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Chinese yuan deposits hit 22-month high

2017/12/16 16:48:27

Taipei, Dec. 16 (CNA) Chinese yuan deposits held by banks operating in Taiwan hit a 22 month high at the end of November, an indication of the increased faith local investors have in the Chinese currency, according to the central bank.

The central bank said the increase in the balance of yuan-denominated deposits in the local banking sector is the product of a stabilized Chinese currency moving in a narrow range after recent volatility.

The balance of yuan deposits received by Taiwanese banks, including negotiable certificates of deposit (NCDs), at the end of November totaled 317.88 billion yuan (US$48.09 billion), up 3.57 billion yuan or 1.14 percent from the end of October, data compiled by the central bank showed.

This is the seventh consecutive month the balance of yuan-denominated deposits has trended higher and the November figure is the highest since January 2016, when the balance stood at NT$318.99 billion yuan, the data indicated.

At the end of November, the yuan rose 0.56 percent against the U.S. dollar from a month earlier, stabilizing from its downturn earlier in the year. Compared with the beginning of this year, the yuan has fallen more than 4 percent against the greenback.

In February 2013, when cross-strait financial exchanges were on the rise under the China-friendly Kuomintang government, the central bank lifted a ban on local banks' domestic banking units (DBUs) conducting yuan-denominated transactions, including yuan deposits.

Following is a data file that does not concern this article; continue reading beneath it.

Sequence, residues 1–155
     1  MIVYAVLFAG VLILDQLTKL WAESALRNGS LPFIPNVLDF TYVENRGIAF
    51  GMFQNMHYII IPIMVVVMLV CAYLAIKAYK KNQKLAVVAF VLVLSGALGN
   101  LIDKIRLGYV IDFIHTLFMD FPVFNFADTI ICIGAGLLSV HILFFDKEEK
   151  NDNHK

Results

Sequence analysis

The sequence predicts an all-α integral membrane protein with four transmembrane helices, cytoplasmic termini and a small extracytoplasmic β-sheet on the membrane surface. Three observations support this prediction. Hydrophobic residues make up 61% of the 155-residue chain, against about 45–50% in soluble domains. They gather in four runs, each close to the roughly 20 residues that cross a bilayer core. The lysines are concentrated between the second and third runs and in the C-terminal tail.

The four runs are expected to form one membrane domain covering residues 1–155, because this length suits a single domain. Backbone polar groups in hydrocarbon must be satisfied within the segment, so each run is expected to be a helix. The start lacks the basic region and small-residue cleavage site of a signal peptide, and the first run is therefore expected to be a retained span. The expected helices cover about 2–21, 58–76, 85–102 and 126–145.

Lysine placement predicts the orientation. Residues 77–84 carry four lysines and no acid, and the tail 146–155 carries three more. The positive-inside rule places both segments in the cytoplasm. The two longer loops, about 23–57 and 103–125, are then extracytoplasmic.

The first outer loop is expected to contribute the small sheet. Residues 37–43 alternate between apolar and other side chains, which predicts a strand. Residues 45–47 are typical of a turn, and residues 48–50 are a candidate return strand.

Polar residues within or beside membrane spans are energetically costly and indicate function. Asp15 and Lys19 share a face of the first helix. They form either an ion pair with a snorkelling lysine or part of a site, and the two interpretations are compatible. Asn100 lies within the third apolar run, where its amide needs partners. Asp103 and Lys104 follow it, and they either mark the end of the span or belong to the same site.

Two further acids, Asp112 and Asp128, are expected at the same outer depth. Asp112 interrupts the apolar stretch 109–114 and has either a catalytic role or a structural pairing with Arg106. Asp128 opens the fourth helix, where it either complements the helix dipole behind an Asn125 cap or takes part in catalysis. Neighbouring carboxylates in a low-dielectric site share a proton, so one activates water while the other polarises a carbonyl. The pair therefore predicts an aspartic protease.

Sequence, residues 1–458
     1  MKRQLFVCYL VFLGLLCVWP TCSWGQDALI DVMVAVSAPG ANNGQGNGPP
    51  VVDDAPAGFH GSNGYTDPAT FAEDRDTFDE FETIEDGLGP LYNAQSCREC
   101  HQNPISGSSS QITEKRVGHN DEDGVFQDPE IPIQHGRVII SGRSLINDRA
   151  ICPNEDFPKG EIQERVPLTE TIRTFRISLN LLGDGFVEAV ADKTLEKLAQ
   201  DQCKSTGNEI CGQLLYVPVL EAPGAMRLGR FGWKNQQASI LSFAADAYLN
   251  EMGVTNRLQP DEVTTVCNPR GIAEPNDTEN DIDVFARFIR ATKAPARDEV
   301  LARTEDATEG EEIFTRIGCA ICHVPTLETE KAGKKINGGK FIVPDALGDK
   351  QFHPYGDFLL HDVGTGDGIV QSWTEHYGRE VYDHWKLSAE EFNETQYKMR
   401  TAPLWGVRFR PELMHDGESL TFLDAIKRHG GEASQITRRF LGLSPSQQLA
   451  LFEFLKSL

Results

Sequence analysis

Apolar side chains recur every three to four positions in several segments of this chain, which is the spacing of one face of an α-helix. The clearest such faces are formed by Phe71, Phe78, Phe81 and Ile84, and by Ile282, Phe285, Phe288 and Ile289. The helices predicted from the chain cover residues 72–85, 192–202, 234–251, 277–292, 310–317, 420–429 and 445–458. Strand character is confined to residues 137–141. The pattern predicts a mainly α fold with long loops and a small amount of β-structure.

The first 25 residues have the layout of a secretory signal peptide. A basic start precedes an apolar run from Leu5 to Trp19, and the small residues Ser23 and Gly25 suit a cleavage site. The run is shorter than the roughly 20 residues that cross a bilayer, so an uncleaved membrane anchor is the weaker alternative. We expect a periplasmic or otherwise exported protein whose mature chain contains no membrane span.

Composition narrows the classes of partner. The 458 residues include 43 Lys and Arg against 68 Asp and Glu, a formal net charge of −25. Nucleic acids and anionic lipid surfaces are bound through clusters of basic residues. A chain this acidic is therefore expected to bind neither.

Before the ban was lifted, only the offshore banking units (OBUs) of Taiwanese banks were allowed to take yuan deposits and conduct other yuan transactions.

In June, 2015, the balance of yuan deposits taken by banks in Taiwan hit an all-time high of NT$338.22 billion.

Ho Pei-chen (賀培真), a specialist with the central bank said the increase in November's yuan deposits largely came from swelling deposits received by the banks' DBUs on the back of more yuan-denominated investments by institutional customers. Yuan deposits taken by banks' DBUs at the end of November rose 3.66 billion yuan from a month earlier to 286.75 billion yuan, but the balance held by banks' OBUs fell 90 million yuan from a month earlier to 31.13 billion, the central bank said.

Despite gains in November, Taiwan's yuan deposits still lag far behind that of Hong Kong, where the balance of yuan deposits hit 540.3 billion yuan at the end of October, up 4.8 billion yuan from a month earlier.

Meanwhile, yuan-denominated remittances in November totaled 107.43 billion yuan, up from 72.69 billion yuan in October, with remittances through banks' DBUs at 61.16 billion yuan and OBUs at 46.27 billion yuan, according to the central bank.

Ho said the increase in yuan-denominated remittances by DBUs could be largely attributed to rising demand for funds in bond investments by local life insurance companies and securities houses.

According to the central bank, many banks in Taiwan offered higher interest rates to attract yuan deposits in November, with Jih Sun International Bank offering 3.1 percent for one-month yuan deposits and 3.6 percent for three-month deposits, the highest level for the two types of time deposits among local banks.

In addition, Ta Chong Bank offered 3.8 percent for six-month yuan deposits, the highest level, while Jih Sun Bank offered 3.6 percent for nine-month deposits and Standard Chartered Bank offered 3.8 percent for one year deposits, also the highest local levels, the central bank said.

(By Chiu Po-sheng and Frances Huang)